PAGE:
With multi processes you can modify the layer heights, and that's cool. With some careful consideration you could take vertical walls and print them thicker, then lower layer heights for higher angles. Think of a silo. Where it gets round at the top it would make a better print to make the layers thinner as it get closer to the top. However, what about more complex shapes? Sure, you could just slice it thin and have the print take forever, or you can analyze it by hand and make a hundred processes.
I'd love to have an option for the layer heights to be dynamically calculated. Now I recognize the challenge this will be. First of all the calculation will have to take a look at all the normals that cross the slicing plane, and figure out the one least parallel to the build surface. But not just that cross the slicing plane,
we'll also have to take a look at all the faces that we may encounter in the process of drawing that layer. (And I'm guessing that in the odd case that a face that is parallel to the slicing plane will cause some sort of problem. Either that or a perfectly vertical surface with a parallel normal.) Also, normals off parallel with the build plane in the positive or negative direction needs to be considered the same, in order words parallel with the build plane is zero, and everything is taken absolute value from that.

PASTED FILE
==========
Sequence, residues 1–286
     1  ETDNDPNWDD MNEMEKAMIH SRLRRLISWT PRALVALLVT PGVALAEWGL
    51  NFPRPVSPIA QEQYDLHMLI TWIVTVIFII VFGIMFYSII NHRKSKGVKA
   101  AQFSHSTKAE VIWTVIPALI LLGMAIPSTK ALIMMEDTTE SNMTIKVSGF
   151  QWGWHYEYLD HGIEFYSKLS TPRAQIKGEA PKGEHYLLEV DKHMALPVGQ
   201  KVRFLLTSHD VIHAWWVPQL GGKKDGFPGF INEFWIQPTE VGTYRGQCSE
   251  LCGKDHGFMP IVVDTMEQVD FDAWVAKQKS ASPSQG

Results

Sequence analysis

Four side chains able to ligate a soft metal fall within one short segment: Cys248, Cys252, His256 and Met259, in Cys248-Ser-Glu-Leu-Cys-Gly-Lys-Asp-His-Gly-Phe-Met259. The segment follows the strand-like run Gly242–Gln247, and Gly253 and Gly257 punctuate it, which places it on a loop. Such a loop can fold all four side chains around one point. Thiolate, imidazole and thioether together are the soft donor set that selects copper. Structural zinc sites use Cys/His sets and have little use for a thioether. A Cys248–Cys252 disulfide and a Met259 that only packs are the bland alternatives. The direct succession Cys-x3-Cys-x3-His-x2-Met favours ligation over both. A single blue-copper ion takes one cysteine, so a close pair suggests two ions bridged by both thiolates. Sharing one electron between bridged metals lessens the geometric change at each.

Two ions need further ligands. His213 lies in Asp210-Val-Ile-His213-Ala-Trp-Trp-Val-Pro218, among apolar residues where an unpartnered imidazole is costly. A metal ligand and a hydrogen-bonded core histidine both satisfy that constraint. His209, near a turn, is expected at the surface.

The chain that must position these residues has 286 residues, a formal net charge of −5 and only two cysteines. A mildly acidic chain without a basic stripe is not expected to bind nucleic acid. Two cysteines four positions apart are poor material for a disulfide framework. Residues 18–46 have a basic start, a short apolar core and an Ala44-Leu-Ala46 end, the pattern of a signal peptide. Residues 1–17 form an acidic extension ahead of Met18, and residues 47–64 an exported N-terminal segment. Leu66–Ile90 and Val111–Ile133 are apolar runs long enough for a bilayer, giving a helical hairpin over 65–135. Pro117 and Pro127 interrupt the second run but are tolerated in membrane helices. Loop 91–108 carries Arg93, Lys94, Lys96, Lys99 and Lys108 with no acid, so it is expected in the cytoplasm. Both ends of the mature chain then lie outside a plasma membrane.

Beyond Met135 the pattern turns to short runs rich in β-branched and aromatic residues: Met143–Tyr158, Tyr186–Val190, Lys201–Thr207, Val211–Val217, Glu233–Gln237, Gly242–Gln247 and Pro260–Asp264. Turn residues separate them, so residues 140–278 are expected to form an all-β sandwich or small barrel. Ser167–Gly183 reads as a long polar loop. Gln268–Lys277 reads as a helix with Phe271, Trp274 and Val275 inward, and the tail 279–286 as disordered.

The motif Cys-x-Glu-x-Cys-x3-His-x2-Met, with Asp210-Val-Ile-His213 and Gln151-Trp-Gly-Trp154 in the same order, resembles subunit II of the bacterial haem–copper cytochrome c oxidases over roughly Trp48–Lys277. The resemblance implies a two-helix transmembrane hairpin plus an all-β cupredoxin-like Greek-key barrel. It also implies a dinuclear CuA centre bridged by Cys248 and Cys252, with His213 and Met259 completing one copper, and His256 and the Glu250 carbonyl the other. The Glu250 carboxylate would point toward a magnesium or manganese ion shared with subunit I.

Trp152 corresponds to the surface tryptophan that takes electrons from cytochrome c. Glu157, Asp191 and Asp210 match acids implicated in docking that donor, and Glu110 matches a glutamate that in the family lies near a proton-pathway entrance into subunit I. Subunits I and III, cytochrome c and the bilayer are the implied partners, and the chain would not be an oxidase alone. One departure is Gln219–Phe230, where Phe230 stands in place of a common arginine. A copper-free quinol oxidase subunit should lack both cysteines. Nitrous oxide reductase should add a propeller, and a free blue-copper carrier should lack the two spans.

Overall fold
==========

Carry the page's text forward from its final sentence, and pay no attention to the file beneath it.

Next, the amount of adjustment of layer height will have to be calculated against the max and min potential layer heights. But is the best result achieved by a linear scale or a curved scale. (My guess is a cosine curve will have something to do with it, just based on my experience with lighting shaders, but I may be wrong.)
Then, how descreet do we want to make the steps? Let's say theoretically, we set the minimum layer height to 0.06mm and the maximum layer height to 0.27mm. If we have a layer that's just a little off vertical, so we want a layer height close to 0.27mm, do we want to do a 0.2699995 layer, or do we want to define specific steps (for those who have done the math and figured out how their Z motors steps and their lead screw calculate into layer heights)?
It's a non-trivial problem, but could result in a considerable savings in time of prints without a loss of detail.